Posted by Jonathan Maus (Publisher/Editor) on May 20th, 2020 at 2:37 pm
During an online meeting hosted by the Hawthorne Boulevard Business Association this morning, the Portland Bureau of Transportation revealed some very good news: Bike lanes are among the alternatives being considered for their Hawthorne Pave and Paint project.
As we first hinted at back in January, the project — which will repave the street between 24th and 50th — is an opportunity to do something special on this marquee commercial corridor.
Given the historic relationship between bike lanes and main streets in Portland, it was no surprise that PBOT was initially reluctant to utter the words “bike lane” anywhere near this project. Over the years the City has battled business interests who think free car parking is better for their bottom line that thousands of people on bikes. But now it appears that they’ve warmed to the idea.
Could the robust advocacy effort behind Healthier Hawthorne help explain PBOT’s newfound confidence? That seems very likely. Let’s also recall that PBOT’s in-house design guidelines call for protected bike lanes as a default treatment. In 2018, PBOT Bicycle Coordinator Roger Geller said when they approach a project, “We’re going to start with a protected bike lane and you better have a really good reason why can’t do it.”
At the meeting this morning, PBOT Project Manager Karla Kingsley kept that promise when she her presentation (PDF) revealed the three design alternatives they’re considering. She also explained how the various alternatives will be analyzed.
The three alternatives are:
1) Put everything back the same way it is today…
2) Extend the three lane cross-section that currently exists east of Cesar Chavez (39th) all the way to 24th (one lane each direction with a center turn lane)…
3a) Buffered, door-zone bike lanes (where the bike lane would narrow at intersections)…
3b) Parking protected bike lanes. These would be 5-feet wide with a 2.5-foot buffer. During the presentation, Kingsley said this option is a “fairly constrained design to fit on Hawthorne” and it requires more car parking removal than other options. Also notice how the bike lane would have to curve around existing curb extensions because PBOT says this project doesn’t have the budget to remove them. (Note: This is the design favored by Healthier Hawthorne and supported by The Street Trust, nearly 60 businesses, and so on)…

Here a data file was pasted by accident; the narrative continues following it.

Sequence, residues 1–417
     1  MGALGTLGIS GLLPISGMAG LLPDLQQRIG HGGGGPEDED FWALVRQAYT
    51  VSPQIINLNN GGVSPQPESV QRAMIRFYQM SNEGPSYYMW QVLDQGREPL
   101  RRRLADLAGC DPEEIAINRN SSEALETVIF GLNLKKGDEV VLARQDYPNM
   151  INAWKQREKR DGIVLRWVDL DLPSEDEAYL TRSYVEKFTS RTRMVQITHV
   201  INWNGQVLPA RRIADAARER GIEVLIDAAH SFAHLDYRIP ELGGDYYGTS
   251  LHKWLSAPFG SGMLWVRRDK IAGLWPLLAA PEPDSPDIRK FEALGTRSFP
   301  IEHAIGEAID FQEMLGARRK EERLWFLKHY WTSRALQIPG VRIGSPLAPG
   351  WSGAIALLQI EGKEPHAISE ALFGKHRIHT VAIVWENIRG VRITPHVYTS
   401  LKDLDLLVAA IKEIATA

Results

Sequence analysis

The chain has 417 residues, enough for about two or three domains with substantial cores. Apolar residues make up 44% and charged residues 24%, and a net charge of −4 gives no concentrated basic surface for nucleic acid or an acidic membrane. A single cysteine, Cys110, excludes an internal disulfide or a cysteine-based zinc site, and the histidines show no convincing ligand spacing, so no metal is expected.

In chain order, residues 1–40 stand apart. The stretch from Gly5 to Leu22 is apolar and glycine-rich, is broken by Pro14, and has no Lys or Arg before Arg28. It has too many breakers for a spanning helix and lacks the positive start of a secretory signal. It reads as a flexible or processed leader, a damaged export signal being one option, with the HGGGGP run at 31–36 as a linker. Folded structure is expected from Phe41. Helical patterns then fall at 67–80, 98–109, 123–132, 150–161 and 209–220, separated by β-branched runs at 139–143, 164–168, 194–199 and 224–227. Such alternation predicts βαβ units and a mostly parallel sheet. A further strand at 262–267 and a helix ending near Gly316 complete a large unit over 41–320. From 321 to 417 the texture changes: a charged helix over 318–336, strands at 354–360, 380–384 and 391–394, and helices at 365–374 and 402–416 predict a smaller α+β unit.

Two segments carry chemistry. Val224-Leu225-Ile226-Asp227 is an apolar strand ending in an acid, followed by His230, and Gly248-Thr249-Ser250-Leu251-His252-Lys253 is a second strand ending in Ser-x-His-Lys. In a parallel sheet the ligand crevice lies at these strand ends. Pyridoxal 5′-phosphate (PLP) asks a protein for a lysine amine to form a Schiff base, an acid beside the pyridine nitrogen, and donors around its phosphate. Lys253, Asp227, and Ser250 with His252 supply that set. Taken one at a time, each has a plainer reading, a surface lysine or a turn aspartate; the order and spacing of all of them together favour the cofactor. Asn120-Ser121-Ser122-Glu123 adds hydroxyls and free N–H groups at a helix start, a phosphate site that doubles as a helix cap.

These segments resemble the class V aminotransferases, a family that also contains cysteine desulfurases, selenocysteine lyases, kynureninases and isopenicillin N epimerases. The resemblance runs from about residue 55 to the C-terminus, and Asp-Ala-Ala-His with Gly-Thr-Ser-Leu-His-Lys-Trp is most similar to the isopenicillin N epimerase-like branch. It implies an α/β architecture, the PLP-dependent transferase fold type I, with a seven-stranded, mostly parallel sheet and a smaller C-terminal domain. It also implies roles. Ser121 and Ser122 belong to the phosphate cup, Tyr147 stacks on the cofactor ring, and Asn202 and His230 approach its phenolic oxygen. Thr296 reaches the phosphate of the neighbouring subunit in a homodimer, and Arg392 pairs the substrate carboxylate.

When it comes to how these alternatives will be evaluated, PBOT says there are four main criteria: It must fit within the scope of the project (meaning this is just a near-term paving project with limited budget, not a full-on rebuild/redesign); It must improve safety (speeding is a major concern); It must “support the main street function” (meaning all types of users must be able to access businesses); and it must improve connections in the network overall. PBOT also says no matter which alternative is chosen, bus priority treatments and better crossings will be a given.
Asked for his reaction to the bike lane idea, Hawthorne Blvd Business Association Treasurer Roger Jones said, “Within the lens of safety, bikes are always welcome on Hawthorne. Time will tell where the community lands.”
Healthier Hawthorne founder Zach Katz is looking forward to working with PBOT in the coming weeks and months. Reached for comment about today’s meeting he said, “I’m thrilled protected bike lanes are on the table now. I hope this project is showing PBOT just how much demand there is for better bike infrastructure and that they can use this momentum to be even more bold going forward.”
This is early in the process and as one PBOT staffer in this morning’s meeting pointed out, “Just because you see a picture of something, doesn’t mean it’s going to work.”
If all goes according to plan, PBOT would choose an option by this fall and construct the project in spring of 2021.
The Hawthorne Boulevard Business Association will host another public discussion about this project with PBOT on Wednesday May 27th at 5:30 pm. You can pre-register via Zoom here. Learn more at PBOT’s official project page and stay tuned for more coverage.
— Jonathan Maus: (503) 706-8804, @jonathan_maus on Twitter and firstname.lastname@example.org
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